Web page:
3. Evaluation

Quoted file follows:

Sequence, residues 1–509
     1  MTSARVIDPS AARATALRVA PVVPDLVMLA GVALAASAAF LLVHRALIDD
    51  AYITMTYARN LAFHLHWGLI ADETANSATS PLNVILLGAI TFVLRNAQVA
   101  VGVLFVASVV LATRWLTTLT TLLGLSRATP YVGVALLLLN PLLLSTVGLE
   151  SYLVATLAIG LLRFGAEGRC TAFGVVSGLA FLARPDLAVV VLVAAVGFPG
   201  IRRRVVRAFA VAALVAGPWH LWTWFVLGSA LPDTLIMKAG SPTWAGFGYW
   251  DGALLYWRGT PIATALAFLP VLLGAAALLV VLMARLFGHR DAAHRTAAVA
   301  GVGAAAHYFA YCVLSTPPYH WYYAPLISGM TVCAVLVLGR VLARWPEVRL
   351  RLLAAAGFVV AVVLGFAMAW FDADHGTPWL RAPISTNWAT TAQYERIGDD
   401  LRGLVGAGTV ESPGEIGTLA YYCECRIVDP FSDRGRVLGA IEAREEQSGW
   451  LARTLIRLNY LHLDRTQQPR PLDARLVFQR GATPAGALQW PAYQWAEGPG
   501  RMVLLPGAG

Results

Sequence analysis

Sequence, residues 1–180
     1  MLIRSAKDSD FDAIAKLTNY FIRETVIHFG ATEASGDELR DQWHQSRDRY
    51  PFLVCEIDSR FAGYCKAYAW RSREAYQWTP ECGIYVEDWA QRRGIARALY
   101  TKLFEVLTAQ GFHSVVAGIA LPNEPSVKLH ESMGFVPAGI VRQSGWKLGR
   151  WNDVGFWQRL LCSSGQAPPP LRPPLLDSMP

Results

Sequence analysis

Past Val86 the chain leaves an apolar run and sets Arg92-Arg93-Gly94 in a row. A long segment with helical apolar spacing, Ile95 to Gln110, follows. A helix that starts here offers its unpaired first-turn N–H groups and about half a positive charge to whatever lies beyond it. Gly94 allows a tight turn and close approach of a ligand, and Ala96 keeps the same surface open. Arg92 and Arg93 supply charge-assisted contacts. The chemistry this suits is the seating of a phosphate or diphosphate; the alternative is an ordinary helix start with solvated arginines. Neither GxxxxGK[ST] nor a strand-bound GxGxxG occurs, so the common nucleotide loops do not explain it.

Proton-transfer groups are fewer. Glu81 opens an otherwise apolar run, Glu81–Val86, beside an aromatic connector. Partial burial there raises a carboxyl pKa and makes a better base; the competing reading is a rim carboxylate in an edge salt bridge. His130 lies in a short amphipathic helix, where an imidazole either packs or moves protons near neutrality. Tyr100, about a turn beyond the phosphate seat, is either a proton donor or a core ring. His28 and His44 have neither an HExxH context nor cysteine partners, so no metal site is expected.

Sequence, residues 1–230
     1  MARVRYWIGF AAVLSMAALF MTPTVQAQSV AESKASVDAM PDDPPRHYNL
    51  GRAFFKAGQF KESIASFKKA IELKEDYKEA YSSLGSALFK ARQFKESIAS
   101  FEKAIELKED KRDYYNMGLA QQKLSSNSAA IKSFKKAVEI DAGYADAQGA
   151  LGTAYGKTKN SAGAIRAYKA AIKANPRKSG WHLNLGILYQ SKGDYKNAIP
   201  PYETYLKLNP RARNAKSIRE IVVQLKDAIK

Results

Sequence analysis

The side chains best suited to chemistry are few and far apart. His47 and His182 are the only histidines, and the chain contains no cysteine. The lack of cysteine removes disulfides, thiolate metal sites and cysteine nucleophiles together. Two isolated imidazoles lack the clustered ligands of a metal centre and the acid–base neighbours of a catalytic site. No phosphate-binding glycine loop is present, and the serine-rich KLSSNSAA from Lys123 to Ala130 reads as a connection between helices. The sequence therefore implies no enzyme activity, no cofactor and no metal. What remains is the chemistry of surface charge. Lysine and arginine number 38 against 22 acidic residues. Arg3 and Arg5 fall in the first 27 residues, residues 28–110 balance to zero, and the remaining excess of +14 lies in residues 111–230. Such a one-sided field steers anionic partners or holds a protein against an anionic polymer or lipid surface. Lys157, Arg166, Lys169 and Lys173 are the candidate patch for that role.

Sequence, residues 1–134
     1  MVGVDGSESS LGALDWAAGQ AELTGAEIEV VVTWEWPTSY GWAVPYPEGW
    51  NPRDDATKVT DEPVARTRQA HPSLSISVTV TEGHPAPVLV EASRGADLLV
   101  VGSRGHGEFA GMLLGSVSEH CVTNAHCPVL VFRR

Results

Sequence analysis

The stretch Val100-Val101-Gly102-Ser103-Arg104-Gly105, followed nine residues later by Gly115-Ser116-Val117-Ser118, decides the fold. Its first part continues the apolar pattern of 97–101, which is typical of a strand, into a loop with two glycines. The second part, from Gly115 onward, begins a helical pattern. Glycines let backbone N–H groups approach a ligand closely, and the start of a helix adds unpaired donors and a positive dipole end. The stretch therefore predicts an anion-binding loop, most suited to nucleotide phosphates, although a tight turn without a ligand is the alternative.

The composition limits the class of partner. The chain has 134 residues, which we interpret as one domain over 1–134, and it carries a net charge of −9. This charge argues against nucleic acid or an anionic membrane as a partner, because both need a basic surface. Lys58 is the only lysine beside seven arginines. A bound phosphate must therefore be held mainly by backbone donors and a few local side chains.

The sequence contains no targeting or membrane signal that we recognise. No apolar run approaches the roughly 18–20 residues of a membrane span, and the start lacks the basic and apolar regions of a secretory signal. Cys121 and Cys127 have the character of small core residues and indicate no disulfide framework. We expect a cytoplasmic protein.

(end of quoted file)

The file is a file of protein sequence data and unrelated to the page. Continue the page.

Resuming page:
Recalling this paper’s core assumption that drawing any conclusions about contemporary security and development challenges from the concept of state failure requires its causes to be identified, the above examples highlight the issue’s inherent complexity. A few core observations need to be highlighted. First, the simple numerical findings and rankings as provided by the FSI or Freedom House only scratch the surface. While they may provide an insight into the characteristics of the respective cases, they fail to show concern for deeper underlying causes (Tansey, 2012). Second, accounting for the characteristics of juridical statehood as outlined above, North Korea classifies as a state, since its government rules over a constant population in a given territory by international recognition (Jackson & Rosberg, 1982, p. 3). Somalia, however, does not meet these criteria with the exception of internationally recognised independence. This observation inevitably leads to a wider concern for the concept of sovereignty. While it does not seem to be at risk in the North Korean case, it is in Somalia. It has been argued that the contemporary African state does not consider underlying socio-political dynamics and is therefore constantly prone to conflict (Jackson & Rosberg, 1982, p. 13). This has direct repercussions on present security and development concerns. Existing ungoverned spaces have allowed Somalia to become a safe haven for terrorists, protected from outside intervention under the umbrella of state sovereignty (Williams, 2009, p. 7). What can be observed is the emergence of a vicious circle: the sacredness of sovereignty adds a self-fulfilling dynamic to the disruptive forces of conflict causing and reinforcing state failure (Kreijgen, 2004, p.2). States that are not legitimised internally only exist in their legal understanding or as ‘quasi-states’ (Kreijgen, 2004, p. 3; Williams, 2011, p. 7). Thus, the sovereign state itself seems to be part of the problem in the Somali case. The degree of (alternative) functioning state capacities in Somaliland would prove this point.